Dangers of Too Much Fish Oil for Dogs

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Happy Dogs Fish Oil

You have probably already heard of the many benefits of fish oil supplementation in dogs. The best fish oil supplements can be used as adjunct treatment in many inflammatory conditions, such as cancer, kidney disease, joint disease, dementia, and hair and skin problems.

Just like humans, the diets of dogs in the United States are low in anti-inflammatory omega 3 fatty acids DHA and EPA, and high in pro-inflammatory omega 6 fatty acids. Fish oil is rich source of anti-inflammatory omega 3 fatty acids, and supplementing your dog’s diet with fish oil can balance the fatty acid scales, but is there a danger with giving too much?

As with all things, the key is moderation. Turns out that when it comes to fish oil, there is such a thing as too much of a good thing.

Over-supplementation with fish oil can have adverse effects on your dog’s health, and fish oil is not recommended for dogs with certain conditions, or dogs undergoing surgery.

Here are the other things you need to be aware of with fish oil:

1. Delayed Wound Healing

Delayed Wound Healing Dogs Fish Oil

EPA and DHA are the two main omega 3 fatty acids found in fish oil. Both EPA and DHA are considered to be anti-inflammatory, and the anti-inflammatory properties interfere with wound healing. Inflammation isn’t always a bad thing! When the body is wounded, it sends inflammatory signals to send white blood cells to the edges of the wound to prevent infection and start healing. EPA and DHA interfere with inflammation, and can slow wound healing. If your dog is healing from a wound, discontinue fish oil administration until your dog is fully healed.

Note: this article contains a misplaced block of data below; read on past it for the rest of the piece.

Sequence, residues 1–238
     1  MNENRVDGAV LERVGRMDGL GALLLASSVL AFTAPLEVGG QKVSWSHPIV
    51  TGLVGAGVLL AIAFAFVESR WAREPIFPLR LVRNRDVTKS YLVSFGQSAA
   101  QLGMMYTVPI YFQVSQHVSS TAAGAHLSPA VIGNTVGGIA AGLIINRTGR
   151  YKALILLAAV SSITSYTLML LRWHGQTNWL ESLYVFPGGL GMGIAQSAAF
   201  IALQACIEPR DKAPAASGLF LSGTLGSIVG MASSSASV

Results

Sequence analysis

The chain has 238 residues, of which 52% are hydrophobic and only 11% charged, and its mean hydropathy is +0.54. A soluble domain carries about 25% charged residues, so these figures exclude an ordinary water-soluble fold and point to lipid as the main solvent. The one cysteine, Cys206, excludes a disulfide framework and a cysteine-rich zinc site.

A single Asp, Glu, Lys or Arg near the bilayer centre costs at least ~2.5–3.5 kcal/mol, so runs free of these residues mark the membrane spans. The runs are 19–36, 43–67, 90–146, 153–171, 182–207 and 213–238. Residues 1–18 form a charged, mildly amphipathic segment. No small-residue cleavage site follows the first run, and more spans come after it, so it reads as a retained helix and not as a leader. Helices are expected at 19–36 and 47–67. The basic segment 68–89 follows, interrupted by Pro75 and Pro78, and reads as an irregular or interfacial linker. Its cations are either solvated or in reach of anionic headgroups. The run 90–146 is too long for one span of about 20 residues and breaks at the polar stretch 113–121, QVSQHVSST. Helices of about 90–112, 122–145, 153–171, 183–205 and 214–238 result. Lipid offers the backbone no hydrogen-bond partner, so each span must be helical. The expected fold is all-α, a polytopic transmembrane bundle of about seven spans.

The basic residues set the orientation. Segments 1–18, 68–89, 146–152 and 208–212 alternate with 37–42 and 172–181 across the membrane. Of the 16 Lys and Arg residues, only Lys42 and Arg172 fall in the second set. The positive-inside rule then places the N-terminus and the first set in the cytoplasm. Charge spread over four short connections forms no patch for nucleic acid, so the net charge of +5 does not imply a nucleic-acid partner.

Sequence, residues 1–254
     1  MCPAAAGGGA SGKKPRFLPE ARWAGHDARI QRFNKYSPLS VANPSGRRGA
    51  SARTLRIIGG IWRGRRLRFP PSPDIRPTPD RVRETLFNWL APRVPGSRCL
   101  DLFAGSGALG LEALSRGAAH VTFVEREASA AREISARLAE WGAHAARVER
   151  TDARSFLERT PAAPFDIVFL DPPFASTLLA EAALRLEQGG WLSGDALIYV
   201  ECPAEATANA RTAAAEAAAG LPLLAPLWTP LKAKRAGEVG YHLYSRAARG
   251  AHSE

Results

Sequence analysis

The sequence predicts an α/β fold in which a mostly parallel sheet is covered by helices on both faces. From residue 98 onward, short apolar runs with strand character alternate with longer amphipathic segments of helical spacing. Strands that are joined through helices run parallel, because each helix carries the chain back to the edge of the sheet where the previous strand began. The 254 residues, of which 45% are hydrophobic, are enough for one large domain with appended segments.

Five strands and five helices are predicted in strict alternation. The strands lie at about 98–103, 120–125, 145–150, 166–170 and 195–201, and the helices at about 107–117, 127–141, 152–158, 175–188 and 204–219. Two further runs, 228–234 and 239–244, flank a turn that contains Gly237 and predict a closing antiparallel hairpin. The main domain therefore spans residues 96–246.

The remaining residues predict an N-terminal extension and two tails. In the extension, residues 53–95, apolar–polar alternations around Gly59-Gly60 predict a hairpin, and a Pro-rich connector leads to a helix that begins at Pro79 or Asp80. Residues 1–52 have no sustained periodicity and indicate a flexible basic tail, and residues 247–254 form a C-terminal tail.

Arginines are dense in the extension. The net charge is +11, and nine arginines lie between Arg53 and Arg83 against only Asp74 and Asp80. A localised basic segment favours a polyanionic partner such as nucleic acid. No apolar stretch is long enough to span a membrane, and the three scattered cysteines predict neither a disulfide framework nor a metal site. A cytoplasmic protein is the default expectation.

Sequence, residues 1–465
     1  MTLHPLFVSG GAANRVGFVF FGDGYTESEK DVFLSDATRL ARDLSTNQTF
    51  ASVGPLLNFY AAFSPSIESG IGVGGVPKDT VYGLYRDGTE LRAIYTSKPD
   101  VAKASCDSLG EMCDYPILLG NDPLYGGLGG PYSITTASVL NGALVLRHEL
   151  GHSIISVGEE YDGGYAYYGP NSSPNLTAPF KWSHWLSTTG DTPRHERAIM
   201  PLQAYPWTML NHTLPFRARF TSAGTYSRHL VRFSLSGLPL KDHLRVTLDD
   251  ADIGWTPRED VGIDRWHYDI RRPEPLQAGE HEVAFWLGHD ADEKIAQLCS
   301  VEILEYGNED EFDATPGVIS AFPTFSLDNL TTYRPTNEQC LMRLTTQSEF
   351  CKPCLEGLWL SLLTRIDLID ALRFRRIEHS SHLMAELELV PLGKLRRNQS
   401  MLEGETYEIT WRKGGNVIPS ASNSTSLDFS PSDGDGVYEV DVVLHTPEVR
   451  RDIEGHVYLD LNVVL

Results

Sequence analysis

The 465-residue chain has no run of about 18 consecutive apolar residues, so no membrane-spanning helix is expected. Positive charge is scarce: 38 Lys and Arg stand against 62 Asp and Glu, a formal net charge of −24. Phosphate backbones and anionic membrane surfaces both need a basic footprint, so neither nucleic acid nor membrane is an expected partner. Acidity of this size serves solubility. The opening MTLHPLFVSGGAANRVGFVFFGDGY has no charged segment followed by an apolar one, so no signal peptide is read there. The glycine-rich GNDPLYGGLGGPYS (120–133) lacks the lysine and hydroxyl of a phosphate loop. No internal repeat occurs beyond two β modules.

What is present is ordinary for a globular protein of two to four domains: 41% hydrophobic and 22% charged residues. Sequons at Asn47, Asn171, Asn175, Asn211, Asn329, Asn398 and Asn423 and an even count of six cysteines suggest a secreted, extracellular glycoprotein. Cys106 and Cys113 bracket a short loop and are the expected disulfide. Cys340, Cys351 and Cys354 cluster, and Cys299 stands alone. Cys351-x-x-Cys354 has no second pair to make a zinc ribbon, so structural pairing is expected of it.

2. Bleeding Disorders

Both EPA and DHA can affect platelet function. Platelets are tiny white cells in the blood that are crucial to blood clotting. Blood clotting is how your body prevents hemorrhaging from wounds or trauma.

EPA and DHA, at high doses, interfere with and reduce clotting ability in platelets. Dogs that are fed high doses of fish oil are at higher risk of bleeding excessively. This most affects dogs that may bleed due to trauma or surgery, and if your dog is on high doses of fish oil, be sure to inform your veterinarian, especially if your dog is scheduled to have surgery. Your veterinarian may have you discontinue the fish oil before, during, and after the surgery until your dog has fully healed.

3. Negative Gastrointestinal Effects

The dosage of fish oil recommended for dogs with joint disease, kidney disease, or other inflammatory conditions is much higher than the standard dose, and may cause gastrointestinal disorders. If omega 3 fatty acids aren’t digested properly, the excessive fat can cause secretory diarrhea. Vomiting has also been reported. If your dog is required to take high levels of omega-3 fatty acids for a health condition, it is generally recommended to start at a lower dosage and slowly transition your dog to the higher dose to prevent any stomach or intestinal upset.

Pancreatitis is also something to be concerned about in dogs that are being fed high levels of fish oil. The risk at this point is theoretical, because there are no known reports of dogs developing pancreatitis in response to fish oil administration, however, in dogs that are at risk of developing pancreatitis, supplementing with fish oil should be done under the supervision of a veterinarian.

4. Trans Fats

We all know that trans fats are bad for you – right? Fish oil is comprised of cis fats, which are opposite of trans fats and considered ‘good’. However, omega 3 fatty acids are highly unstable and subject to oxidation, which can convert them into bad fats!

Fish oil turns rancid in the presence of light, heat, and oxygen. In order to make sure the fish oil you are giving is protected, fresh, and beneficial to your dog’s health, buy from reputable companies, and store fish oil in the fridge freezer, and make sure the container is opaque to protect the supplement from light.


Lenox CE, Bauer JE. Potential adverse effects of omega-3 Fatty acids in dogs and cats. J Vet Intern Med. 2013 Mar-Apr;27(2):217-26. doi: 10.1111/jvim.12033. Epub 2013 Jan 16.

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